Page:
Ron Sexsmith: Retriever

Ron Sexsmith: Retriever

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Ron Sexsmith

Album: Retriever
Label: Nettwerk

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Throughout the latter half of the '90s, Canadian troubadour Ron Sexsmith was a reliable source of tasteful folk songs for the kind of music fan who distrusts genius and values classicism. Then came 2001's Blue Boy and 2002's Cobblestone Runway, two records that expanded Sexsmith's vocabulary with the addition of, respectively, gruff country-rock overtones and Joe Henry-esque electronic textures. Now, Sexsmith has taken yet another turn with the richly orchestrated pop of Retriever, an album which suggests what would happen if the hooks of Marshall Crenshaw circa 1982 met up with the sophistication of Elvis Costello today.

Retriever is unmistakably a Sexsmith effort, complete with his sweetly shaky voice, his spare guitar twang, and his fluid melodies. But while Sexsmith's music once seemed both too precise and too remote, on Retriever, he brings a subtle urgency to a set of songs that could double as proverbs. From the opening line—"I'm a bit run down, but I'm okay"—Retriever offers warnings and reassurances, as Sexsmith indicates repeatedly that he's discovered something of value that he's not going to let out of his sight.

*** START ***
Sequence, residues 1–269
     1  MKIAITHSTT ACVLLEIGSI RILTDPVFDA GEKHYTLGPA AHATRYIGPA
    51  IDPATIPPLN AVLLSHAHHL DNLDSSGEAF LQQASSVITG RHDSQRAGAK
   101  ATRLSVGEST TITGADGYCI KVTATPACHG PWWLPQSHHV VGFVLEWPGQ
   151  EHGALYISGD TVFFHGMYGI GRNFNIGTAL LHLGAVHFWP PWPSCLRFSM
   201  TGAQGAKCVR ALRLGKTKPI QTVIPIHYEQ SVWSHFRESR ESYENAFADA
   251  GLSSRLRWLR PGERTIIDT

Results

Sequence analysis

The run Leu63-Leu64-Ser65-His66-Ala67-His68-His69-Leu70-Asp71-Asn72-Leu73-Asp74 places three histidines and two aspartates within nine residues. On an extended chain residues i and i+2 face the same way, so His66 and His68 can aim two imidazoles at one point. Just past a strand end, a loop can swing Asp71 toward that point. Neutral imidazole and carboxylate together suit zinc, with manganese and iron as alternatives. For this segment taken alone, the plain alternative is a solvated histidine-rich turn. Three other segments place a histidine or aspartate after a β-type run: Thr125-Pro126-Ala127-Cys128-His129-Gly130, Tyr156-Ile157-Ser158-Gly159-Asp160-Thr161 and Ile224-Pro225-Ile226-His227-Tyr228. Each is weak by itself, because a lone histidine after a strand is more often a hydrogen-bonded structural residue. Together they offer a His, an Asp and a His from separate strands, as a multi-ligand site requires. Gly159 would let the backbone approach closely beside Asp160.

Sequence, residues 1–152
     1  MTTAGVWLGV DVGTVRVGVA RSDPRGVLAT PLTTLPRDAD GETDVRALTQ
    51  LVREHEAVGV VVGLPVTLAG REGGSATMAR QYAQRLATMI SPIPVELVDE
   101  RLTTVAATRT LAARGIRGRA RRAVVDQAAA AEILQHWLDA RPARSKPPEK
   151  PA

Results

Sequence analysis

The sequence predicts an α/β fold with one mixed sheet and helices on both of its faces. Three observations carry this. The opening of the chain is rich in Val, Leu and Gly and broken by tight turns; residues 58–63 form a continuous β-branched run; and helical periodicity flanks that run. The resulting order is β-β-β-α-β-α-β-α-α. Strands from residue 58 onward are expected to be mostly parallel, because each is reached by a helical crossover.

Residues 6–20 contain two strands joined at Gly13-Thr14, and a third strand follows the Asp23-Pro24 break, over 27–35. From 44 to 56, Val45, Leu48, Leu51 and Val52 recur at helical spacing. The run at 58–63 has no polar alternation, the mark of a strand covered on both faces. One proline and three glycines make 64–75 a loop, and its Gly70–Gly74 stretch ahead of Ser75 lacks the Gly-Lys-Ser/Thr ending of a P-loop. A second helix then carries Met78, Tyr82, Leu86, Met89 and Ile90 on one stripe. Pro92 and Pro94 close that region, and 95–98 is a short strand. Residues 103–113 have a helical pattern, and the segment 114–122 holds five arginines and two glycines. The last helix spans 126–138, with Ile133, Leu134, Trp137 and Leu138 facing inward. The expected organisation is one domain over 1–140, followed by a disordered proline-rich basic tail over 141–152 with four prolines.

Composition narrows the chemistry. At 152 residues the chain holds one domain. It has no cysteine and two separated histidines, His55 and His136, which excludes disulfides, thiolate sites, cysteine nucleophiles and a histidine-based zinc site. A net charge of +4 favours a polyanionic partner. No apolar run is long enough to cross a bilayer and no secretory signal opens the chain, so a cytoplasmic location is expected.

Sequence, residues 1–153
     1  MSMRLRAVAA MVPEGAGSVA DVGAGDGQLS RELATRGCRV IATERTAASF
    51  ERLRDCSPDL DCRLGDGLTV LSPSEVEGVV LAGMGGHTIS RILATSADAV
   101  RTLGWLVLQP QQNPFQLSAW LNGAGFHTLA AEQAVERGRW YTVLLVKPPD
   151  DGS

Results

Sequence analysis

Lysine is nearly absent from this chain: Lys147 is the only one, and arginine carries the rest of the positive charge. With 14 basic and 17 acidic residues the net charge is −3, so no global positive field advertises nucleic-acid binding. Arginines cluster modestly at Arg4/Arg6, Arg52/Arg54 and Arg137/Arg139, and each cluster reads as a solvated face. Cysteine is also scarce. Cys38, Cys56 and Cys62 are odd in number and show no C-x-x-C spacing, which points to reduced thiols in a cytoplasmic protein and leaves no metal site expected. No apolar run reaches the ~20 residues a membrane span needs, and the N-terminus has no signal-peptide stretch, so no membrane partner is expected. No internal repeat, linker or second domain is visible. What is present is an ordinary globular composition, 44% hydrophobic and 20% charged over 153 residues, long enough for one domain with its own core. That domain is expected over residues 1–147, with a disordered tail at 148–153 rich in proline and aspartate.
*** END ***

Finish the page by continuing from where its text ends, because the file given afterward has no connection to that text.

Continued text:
The album builds in intensity as it goes along, opening with three consecutive midtempo pop songs (peaking with the George Harrison-esque "Not About To Lose") before varying the pace with the hymn-like piano ballad "Tomorrow In Her Eyes," the impassioned "From Now On," and the acoustic lament "For The Driver." Then Sexsmith hits the best song of the record, and perhaps his career: "Wishing Wells," a "time to put away childish things" command set to a swinging beat and propulsive guitar.

"Wishing Wells" lies at the center of this set, which makes plenty of observations along the lines of "I fear sometimes we ain't got a hope in hell." But the soul of Retriever resonates in songs like the seductive "Whatever It Takes" and the romantic "How On Earth," in which Sexsmith gives thanks for love. The record closes with the line "Though in your house sorrow dwells / It never stays / I know it well," a note of sublime comfort from an artist who, after a decade, seems to be finding his voice while still conjuring words worth saying.

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